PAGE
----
Magazine article The American Conservative

Uncertainty's Prophet

Magazine article The American Conservative

Uncertainty's Prophet

Article excerpt

The Great Recession was not simply the bursting of an economic bubble. This middle-class recession also saw the bursting of a bubble of optimism, dating back to the Reagan-Thatcher era, in what the economy can do for human society. It's not just markets that lurch from good times to crisis; the same is true of underlying sentiment about the economy as well.

The principles of the Reagan-Thatcher era were clear in rhetoric, if not always successfully translated into policy. The program was to reduce government intervention in the economy, lessen the burden of regulation and taxation, and privatize state-owned industry. The thinkers commonly cited in support of these efforts were Milton Friedman and Friedrich von Hayek, along with a handful of other Chicago School and Austrian School economists.

Recessionary times have swept all of this away and ushered in a new era of Keynesianism-to the point that we are all Keynesians now, again. The pendulum has swung back and forth several times. We should recall that prior to Keynes economics was essentially a free-market discipline. Keynes mounted an intellectual assault on the free market, contesting both the classical view of economics derived from Adam Smith and the Austrian understanding of many of his own contemporaries. He wanted to bolster the role of government in managing society in the modern industrial age, which appealed in the postwar world and appeals again today.

There is a general sense these days that the economy is not fulfilling our needs, which makes this a pivotal moment. Trotting out Reagan-Thatcher economic ideas in response is akin to lighting up a cigarette in public-there are places for it, but it is socially unacceptable to most company. We could, however, turn to Friedmans old teacher, Frank H. Knight (1885-1972), to find a more fitting conservative economist for our difficult times.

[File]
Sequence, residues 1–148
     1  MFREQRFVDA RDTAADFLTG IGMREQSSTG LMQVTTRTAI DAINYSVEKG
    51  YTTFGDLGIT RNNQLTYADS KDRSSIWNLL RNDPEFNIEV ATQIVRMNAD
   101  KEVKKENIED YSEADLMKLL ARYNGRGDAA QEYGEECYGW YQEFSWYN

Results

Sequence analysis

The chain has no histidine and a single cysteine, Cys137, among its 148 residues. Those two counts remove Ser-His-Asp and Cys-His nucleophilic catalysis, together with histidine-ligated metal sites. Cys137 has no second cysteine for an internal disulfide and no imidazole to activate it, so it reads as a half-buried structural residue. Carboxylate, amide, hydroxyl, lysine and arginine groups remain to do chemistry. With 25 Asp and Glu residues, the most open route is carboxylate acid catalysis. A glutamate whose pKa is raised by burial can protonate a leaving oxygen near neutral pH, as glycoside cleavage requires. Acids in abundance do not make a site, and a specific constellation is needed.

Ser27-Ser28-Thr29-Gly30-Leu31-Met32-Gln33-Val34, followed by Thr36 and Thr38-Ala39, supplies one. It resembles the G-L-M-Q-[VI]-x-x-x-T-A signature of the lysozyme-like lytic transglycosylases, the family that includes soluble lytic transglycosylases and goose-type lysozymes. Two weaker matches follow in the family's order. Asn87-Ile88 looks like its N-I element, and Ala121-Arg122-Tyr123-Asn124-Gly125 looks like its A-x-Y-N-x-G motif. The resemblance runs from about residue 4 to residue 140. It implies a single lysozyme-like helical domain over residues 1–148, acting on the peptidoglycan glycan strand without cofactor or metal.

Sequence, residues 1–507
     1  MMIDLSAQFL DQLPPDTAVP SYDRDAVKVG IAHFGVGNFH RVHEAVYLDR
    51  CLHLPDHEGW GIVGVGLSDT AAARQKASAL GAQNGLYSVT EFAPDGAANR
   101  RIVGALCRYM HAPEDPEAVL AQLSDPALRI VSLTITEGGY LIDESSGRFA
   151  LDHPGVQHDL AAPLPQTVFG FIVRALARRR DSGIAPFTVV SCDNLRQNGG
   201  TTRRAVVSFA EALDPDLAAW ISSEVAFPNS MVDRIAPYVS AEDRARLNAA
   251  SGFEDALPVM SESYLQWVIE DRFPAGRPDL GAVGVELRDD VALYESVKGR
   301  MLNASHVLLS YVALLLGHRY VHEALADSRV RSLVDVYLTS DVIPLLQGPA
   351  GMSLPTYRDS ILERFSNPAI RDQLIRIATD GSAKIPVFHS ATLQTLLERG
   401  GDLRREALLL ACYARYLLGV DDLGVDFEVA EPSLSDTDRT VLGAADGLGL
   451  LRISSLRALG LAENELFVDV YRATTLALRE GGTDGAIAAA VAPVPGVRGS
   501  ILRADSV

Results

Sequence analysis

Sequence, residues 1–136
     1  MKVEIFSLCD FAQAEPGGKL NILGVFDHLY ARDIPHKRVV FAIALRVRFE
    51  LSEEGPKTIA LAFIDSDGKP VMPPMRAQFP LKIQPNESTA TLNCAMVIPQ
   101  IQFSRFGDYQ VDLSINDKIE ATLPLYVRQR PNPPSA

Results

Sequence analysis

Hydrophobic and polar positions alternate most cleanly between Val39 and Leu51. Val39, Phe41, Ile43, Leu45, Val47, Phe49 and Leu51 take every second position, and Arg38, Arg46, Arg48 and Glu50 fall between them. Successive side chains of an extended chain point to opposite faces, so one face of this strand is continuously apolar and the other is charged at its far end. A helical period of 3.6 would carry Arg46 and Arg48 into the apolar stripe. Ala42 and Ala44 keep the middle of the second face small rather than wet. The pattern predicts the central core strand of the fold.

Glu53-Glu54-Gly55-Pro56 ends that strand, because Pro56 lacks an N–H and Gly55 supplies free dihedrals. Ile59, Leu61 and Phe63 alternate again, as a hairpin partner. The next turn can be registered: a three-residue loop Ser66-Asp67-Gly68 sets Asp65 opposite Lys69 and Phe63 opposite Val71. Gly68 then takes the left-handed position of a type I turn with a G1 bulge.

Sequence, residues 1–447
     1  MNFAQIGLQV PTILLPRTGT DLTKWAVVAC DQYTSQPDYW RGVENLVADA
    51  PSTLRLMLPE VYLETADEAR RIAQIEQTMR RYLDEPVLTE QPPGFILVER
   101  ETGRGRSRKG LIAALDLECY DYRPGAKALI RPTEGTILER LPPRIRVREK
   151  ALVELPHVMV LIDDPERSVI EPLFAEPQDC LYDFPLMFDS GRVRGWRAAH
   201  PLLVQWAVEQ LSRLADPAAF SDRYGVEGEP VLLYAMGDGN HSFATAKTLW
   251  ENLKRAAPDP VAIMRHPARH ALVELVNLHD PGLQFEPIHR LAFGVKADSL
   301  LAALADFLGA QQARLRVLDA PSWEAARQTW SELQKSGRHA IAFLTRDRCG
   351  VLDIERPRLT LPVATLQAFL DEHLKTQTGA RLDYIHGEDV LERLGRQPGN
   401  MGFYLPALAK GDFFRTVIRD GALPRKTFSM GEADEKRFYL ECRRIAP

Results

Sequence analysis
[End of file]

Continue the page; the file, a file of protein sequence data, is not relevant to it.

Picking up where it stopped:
Knight argued that Keynes, like the socialists, had too much confidence in government's ability to solve economic problems. But did the Chicago and Austrian economists also have too much confidence in markets? Knight certainly thought so. As a professor at the University of Chicago, he was in fact a cofounder of what came to be known as the Chicago School-his students included George Stigler, James Buchanan, and Gary Becker, as well as Friedman- but his ideas nonetheless defy easy classification.

His first and main work was Risk, Uncertainty, and Profit, published in 1921, the same year that Keynes published his book on probability. Knight's book established the notion of "Knightian uncertainty" in economics, drawing the important distinction that while "risk" can be calculated and insured against, it is true "uncertainty" in the world that paves the way for opportunities to create profit and entrepreneurial enterprise.

Knight had various testy engagements with the Austrians and Keynesians. His core argument with Hayek was over capital and interest theory. He disputed the same topics with Keynes, but his greater concern with Keynes was the latter's view that government can drive the economy: he believed that Keynes had largely recycled old fallacies. Knight argued that capital in a growing society is immortal, meaning that production has no beginning or end, unless the end of the world is known and the entire economy is able to prepare for it.

He thus rejected the classical notion that production is the result of labor and the Marxist spin on this that labor creates wealth. Wealth in an object is the capitalization of a perpetual income, and for Knight production cannot be broken down into this object or that slice of time. While the Austrians argued that production is a series of inputs and outputs, Knight disagreed, contending instead that the notion of a definite relation between the quantity of capital and time or length of production needs to be eliminated.

In other words, he managed to annoy just about everyone. For Knight, economics is not the dismal science because it is not really a science at all: it is a way of thinking about scarcity in the world and human behavior in light of this scarcity. …

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